Shelly Conklin

  1951 -
  City of Birth:
Genova, Italy
 
 

Shelly's Story

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It Has Been A Rough Year

I am adding this additional chapter to my introduction, because after I initially wrote the introduction, it was very difficult to come back to it and try to make sense of all that I have experienced through the various stages of my life and the trials that I have endured or overcome.  I wish ...


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The Birth of Charles Leonard Wiggins

The story has already been written for awhile on my blog "From the heart of Praise, Prayer and Perseverance. 0; Here is a link to that posting, Below are the pictures of the blessed event.   http://fromthehea rt-dotwigg.blogsp ot.com/2008/03/an other-2-prayer-re quest-answered.ht ml


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Shelly's Story > Chapters > My Entire Life

"A Box of Cheerios" 

 

Date Range: 01/01/1951 To 04/16/2009   Comments: 0   Views: 7,392
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It was one of those unusually cold days we get here a couple times each winter. It could not have been more than 45 degrees out. The parking lot was wet from an earlier rain and I felt tired as I pushed my shopping cart back to my car. Two weeks before Christmas and I had been running around insanely, trying to get everything done. As I lugged the last bag into the trunk and shut the hatchback I heard a voice and looked behind me. A woman was there. "Excuse me, could you spare a little? I need to get my children some Cheerios."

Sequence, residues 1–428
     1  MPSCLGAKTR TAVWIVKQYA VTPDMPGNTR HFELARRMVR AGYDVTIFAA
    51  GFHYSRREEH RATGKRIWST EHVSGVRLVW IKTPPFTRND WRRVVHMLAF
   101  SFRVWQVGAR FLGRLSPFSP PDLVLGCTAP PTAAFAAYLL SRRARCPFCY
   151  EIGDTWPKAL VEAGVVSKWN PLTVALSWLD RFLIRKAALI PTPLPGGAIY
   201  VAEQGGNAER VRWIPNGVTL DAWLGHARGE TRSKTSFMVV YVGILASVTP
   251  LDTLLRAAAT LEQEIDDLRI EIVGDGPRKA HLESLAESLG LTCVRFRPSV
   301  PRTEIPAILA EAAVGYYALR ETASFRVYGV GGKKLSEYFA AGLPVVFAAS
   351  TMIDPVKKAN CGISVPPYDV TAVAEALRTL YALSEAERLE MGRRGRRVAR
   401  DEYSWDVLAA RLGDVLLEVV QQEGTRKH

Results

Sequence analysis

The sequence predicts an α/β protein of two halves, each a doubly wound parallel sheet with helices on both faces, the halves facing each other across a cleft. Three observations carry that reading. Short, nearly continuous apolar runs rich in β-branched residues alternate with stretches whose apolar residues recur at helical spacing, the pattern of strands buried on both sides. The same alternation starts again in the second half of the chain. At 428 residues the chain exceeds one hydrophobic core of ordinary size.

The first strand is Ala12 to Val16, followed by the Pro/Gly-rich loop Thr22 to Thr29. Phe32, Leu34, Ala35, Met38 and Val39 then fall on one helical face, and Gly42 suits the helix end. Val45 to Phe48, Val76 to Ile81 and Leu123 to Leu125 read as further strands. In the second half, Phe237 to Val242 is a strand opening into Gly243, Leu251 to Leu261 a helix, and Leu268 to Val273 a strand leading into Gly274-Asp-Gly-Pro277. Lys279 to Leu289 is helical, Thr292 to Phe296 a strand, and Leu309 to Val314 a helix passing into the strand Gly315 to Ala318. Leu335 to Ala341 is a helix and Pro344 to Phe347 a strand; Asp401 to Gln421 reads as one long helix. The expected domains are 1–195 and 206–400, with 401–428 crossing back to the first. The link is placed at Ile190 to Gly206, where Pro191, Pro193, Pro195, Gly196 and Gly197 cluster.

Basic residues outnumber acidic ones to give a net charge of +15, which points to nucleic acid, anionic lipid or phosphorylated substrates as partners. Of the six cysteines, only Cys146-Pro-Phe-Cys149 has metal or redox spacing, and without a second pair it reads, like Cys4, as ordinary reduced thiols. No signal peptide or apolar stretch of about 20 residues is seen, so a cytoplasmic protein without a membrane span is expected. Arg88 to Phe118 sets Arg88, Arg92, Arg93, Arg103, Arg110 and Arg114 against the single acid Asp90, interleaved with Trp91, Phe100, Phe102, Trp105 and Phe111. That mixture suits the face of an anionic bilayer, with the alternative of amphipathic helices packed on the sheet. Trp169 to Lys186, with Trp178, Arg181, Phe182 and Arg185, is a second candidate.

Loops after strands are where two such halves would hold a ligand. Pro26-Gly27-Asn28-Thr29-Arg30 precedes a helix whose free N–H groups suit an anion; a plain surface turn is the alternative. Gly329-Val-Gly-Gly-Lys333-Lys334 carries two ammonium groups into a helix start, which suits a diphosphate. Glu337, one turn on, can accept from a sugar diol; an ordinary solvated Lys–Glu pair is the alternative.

Where I live, such requests are not uncommon. Southern California is a meca for the homeless, especially in winter. 30-40 degrees is a lot more desireable than -10 and snow. But something inside me told me that this woman was being honest. That she was not just looking for money to get drunk or high.


She saw me paused and added, "My husband is a painter, but it is hard to get work at the holidays. We have two boys, 5 and 7."  I nodded. "Let's go inside, I will buy it for you."

I really only intended to get the Cherrios, but as we walked in I realized I couldn't leave it at that. I took a cart and began to go down the isles, "Let's get you a few other things..." She began to protest, but gave up when she realized it was pointless. "Do you have a freezer?" "Yes" she answered.

The cart began to fill with staples..bread, butter, lunch meats, peanut butter and even ice cream as a treat. Then I realized she probably had nothing for Christmas dinner. I added a turkey and trimmings, and so it went on.

As I went to the check out I felt a knot of fear in my stomach, it was a lot of food and we were very tight on cash, often paying bills late as we tried to juggle expenses. I looked from the woman to the cart, and I knew I needed to do this. So I put the things on the conveyor belt, figuring I would just have to pay a few more bills late. The total was over $200! Oh god, that knot grew, but I paid it. There was enough money in the bank to cover it.


She thanked me over and over and I smiled and told her to have a good Christmas before I got back into my car and drove home.

My husband helped me bring in the groceries and then I looked over the mail that had arrived while I was gone. There was a Christmas card from my grandma. I opened it up and found $200 inside.

Things have a way of working out.



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